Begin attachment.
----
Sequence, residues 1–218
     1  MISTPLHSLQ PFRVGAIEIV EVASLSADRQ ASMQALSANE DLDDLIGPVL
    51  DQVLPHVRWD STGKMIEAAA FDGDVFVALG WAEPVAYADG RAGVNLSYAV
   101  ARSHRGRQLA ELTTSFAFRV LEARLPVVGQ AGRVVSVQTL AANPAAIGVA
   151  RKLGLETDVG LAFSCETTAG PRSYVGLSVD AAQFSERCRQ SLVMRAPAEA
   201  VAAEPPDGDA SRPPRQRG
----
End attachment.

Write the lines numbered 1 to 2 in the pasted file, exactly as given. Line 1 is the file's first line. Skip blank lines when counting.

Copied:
Sequence, residues 1–218
     1  MISTPLHSLQ PFRVGAIEIV EVASLSADRQ ASMQALSANE DLDDLIGPVL